Cornelius Fichtner: Are there any differences in style between managers and leadership?
Carla Fair-Wright: Managers primarily focus on the shorter range directing, controlling whereas leadership is more about enabling, developing, challenging, inspiring trust. Good managers do things right and good leadership does the right thing.
Cornelius Fichtner: Let’s see. We’re going to talk about these 5 levels of leadership. But first of all, they’re from John Maxwell. Frankly, I had never heard of him before. Who is he? How did you come across him? Why did he develop these 5 levels of leadership?
Carla Fair-Wright: John Maxwell is an internationally renowned leadership expert and coach. I came across one of his lectures. I believe it was Success magazine and I was intrigued. The whole idea that leadership is built in blocks that it could be structured that there are levels. As we talked about the levels, the thing to keep in mind is you can be at a certain level in one aspect of your life and yet be in a totally different level of leadership in another. Say in your church organization, you may be a 3 and we’ll get in to that, whereas, perhaps on your new project, you’re a 1. So these things are very fluid and they move from one area to the other.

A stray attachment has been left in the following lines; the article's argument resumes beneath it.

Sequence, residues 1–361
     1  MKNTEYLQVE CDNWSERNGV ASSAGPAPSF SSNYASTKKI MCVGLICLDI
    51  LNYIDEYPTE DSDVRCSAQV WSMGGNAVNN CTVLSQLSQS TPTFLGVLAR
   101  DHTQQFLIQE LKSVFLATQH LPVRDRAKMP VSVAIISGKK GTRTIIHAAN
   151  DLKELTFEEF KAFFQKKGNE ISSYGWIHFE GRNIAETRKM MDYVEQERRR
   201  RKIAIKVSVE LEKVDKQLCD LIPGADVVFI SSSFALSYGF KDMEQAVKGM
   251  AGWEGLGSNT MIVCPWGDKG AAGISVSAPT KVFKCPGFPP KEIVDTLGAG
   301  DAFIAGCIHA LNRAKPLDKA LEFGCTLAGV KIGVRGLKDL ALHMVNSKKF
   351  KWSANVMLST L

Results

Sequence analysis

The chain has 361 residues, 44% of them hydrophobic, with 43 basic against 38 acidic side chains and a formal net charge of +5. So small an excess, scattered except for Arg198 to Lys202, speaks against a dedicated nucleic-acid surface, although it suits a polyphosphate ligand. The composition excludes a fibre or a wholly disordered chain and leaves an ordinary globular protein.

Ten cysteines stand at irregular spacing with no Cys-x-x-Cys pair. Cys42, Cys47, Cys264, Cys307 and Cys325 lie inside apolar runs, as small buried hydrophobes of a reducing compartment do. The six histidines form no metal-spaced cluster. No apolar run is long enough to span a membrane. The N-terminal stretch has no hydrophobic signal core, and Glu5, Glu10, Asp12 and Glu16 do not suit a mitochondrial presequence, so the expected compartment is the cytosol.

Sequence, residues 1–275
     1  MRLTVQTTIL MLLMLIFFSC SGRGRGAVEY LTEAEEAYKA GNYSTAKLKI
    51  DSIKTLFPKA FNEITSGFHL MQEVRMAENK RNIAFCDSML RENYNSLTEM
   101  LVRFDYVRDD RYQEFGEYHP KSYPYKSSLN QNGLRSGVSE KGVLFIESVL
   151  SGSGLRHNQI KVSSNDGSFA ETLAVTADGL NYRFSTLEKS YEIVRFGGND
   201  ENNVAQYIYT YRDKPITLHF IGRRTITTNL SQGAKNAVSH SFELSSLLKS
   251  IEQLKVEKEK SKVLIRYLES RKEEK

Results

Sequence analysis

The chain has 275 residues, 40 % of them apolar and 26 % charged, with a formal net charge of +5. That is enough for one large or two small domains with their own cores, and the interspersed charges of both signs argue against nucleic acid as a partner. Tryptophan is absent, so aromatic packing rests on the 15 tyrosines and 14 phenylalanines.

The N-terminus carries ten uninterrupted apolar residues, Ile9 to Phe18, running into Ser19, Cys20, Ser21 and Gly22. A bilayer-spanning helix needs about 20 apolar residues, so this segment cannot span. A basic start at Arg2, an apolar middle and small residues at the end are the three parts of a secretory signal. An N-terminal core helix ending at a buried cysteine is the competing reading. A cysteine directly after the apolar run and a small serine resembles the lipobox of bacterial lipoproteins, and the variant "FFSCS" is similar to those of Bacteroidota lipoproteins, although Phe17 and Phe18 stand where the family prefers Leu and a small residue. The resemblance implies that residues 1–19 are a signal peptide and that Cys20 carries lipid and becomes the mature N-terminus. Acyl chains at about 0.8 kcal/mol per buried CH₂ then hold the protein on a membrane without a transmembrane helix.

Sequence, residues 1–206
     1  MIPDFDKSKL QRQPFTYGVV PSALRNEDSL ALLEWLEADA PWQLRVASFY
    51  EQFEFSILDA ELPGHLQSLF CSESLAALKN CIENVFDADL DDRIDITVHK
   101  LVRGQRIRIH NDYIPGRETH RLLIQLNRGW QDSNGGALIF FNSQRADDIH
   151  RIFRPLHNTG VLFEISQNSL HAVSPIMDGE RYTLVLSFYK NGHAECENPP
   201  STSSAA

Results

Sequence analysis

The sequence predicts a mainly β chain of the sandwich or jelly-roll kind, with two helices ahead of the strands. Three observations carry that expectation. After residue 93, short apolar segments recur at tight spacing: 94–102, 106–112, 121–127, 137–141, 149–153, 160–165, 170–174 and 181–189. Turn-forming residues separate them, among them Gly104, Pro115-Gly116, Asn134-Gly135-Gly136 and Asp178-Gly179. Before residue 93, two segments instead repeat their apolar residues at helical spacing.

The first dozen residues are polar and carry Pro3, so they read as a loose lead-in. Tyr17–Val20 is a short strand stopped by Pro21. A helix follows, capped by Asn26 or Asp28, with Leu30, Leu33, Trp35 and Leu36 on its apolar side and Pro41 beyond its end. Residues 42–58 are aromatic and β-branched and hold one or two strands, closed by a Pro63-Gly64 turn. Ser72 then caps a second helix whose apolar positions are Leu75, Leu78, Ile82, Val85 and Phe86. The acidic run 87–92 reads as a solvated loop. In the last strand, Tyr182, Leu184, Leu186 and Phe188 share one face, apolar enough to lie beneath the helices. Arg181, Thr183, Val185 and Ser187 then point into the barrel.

Cornelius Fichtner: Okay, well that’s good to know because as I was preparing myself, I looked at these 5 levels and I thought that they would be exclusive. You know you are either one or the other so it’s interesting for me to learn right off the bat that you know, you could be a 1 here and a 3 there.
So let’s get started with these 5 then. So we have these 5 levels. Maxwell has structured them bottom up sort of almost like the pyramid that we have from Maslow’s but it’s not a pyramid. It’s more like a stack. And the one that he has right there as number one is “Position’. What does he mean with level 1 of leadership is position?